Researchers across Lehigh University’s colleges and departments will soon be able to conduct experiments using a new, state-of-the-art plasma focused ion beam system, or FIB, together with the capability for in situ mechanical testing at various temperatures between minus 130 and 1000 degrees Celsius.
The National Science Foundation recently awarded Lehigh more than $1.2 million to purchase the new instrumentation. The award is part of the foundation’s Major Research Instrumentation program (MRI), which supports the development or acquisition of equipment that will advance science and engineering. In addition to the NSF award, Lehigh University also provided a significant proportion of cost-sharing to make the acquisition possible. One of the goals of such grants is to significantly impact research in a broad range of areas.
“We had 25 faculty members involved in this proposal, all of whom submitted projects requiring the FIB system, and many of them are associated with Lehigh’s Interdisciplinary Research Institutes,” says Masashi Watanabe, a professor of materials science and engineering and a major contributor on the proposal. “And they represent a range of disciplines, including materials science, mechanical engineering, chemical engineering, industrial engineering, bioengineering, physics, chemistry, and biology. There’s just such a high demand for a machine like this.”
“The FIB system is a micro-/nano-fabrication tool that is able to precision-machine samples in a rapid and efficient way, similar to woodworking, but at the micrometer or even nanometer level,” says lead researcher Helen Chan, New Jersey Zinc Professor of Materials Science and Engineering. “And the fixture that allows for in situ mechanical testing enables us to indent or pull or push on a material so we can simultaneously watch how the material fractures and deforms. Even more exciting, we can study the effect of temperature on the deformation process.”
One possible application is the study of microstructural elements that might not be obtainable in bulk form. For example, suppose there is a particular phase that occurs as fine, micron-sized dispersions within a matrix of another material. Bulk testing would only be able to measure the aggregate behavior of the dispersions and matrix. Using the FIB system, however, it would be possible to machine a micromechanical sample in a location such that only the volume of material within a single dispersion was tested.
Chan says the EBSD (electron backscattered diffraction) capability is exciting because when certain materials are subjected to a stress, a phase or orientation change can take place, and this is detectable by EBSD. “These changes are often highly localized, and hence difficult to observe in bulk samples,” she says. “With in situ mechanical testing with EBSD analysis, we can observe these changes as a function of the stress and correlate with changes in the properties.”
“The biomaterials and polymer materials are so-called soft matters, which are quite challenging to observe inside of materials due to the softness nature of materials,” says Watanabe. “One of the most effective approaches to fabricate or cut out such soft materials is cooling down to a liquid nitrogen temperature. The FIB system to be installed is equipped with a cryo-stage and cryo-manipulators, which allows for the sectioning of soft materials at micrometer scales. Using the FIB system at cryo-temperatures, it is possible to apply for cross-sectioning of soft samples with ions for internal observation within the FIB or to prepare an electron-transparent thin specimen for further detailed observations at nanometer scales in transmission electron microscopy (TEM).”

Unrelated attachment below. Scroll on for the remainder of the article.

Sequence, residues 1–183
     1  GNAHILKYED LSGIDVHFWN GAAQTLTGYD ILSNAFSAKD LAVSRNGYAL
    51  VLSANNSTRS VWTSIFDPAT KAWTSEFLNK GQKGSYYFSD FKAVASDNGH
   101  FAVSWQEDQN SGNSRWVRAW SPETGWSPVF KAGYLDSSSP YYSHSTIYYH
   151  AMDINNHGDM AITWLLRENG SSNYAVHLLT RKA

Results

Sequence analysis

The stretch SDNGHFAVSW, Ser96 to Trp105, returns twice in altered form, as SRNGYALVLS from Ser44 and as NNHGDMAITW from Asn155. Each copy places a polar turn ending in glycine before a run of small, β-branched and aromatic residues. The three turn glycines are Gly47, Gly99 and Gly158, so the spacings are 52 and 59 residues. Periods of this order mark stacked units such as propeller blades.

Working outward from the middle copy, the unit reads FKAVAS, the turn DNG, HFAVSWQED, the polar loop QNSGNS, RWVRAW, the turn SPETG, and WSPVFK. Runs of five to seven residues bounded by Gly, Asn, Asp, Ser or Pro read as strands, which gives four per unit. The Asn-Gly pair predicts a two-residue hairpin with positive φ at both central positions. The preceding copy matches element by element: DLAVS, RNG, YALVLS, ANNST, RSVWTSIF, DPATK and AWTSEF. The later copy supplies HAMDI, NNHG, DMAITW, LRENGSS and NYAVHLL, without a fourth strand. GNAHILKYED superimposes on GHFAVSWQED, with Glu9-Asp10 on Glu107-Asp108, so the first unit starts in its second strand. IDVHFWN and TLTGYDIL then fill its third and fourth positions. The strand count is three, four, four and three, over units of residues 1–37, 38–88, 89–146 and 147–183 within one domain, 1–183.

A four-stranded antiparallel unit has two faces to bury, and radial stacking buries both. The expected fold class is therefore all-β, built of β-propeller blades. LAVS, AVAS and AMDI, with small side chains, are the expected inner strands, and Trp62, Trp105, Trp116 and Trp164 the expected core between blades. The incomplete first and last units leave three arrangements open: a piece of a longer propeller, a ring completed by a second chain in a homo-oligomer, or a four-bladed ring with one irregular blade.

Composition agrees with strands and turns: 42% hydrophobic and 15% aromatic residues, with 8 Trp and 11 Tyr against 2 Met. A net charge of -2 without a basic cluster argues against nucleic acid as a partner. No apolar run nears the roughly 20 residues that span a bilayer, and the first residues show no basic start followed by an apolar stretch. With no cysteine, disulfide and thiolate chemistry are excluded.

The university currently has a focused ion beam milling machine that works on germanium ions. The new FIB will work on xenon ions, says Chan, making it up to 10 times faster, which allows for more fabrication of micromechanical test samples. Right now, producing enough such samples to allow for statistically significant testing is a major limitation for researchers.
The new instrumentation also includes an ultra-high-speed electron camera for acquisition of EBSD patterns. which is particularly novel.
“It will allow us to see the orientation, meaning the crystal structure of a particular sample,” says Watanabe. “We’ll be targeting 2000 to 3000 patterns per second, which is incredibly fast. So during deformation, we’ll be able to see these crystal structure changes as they’re happening. This is very new. Nobody has done that.”
Such information will inform researchers on how cracks in structures initiate, says Chan. There may be “weak links” in the microstructure that could be alleviated by improved processing. “We would like to build into structures “crack stoppers” that make it more difficult for cracks to propagate,” she says. “The net result would be structures that exhibit higher toughness and longer lifetimes.”
The team, which also includes mechanical engineering and mechanics faculty members Natasha Vermaak and John Coulter (the Rossin College’s senior associate dean for research) and Loewy Professor of Materials Forming and Processing Wojciech Misiolek (chair of the Department of Materials Science and Engineering), expects the FIB system to be up and running by June. It will be located in the university’s new Health, Science, and Technology (HST) building. The facility also houses Lehigh’s world-class surface characterization and x-ray diffraction and scattering tools, as well as cutting-edge virtual and augmented reality capabilities.
Story by Christine Fennessy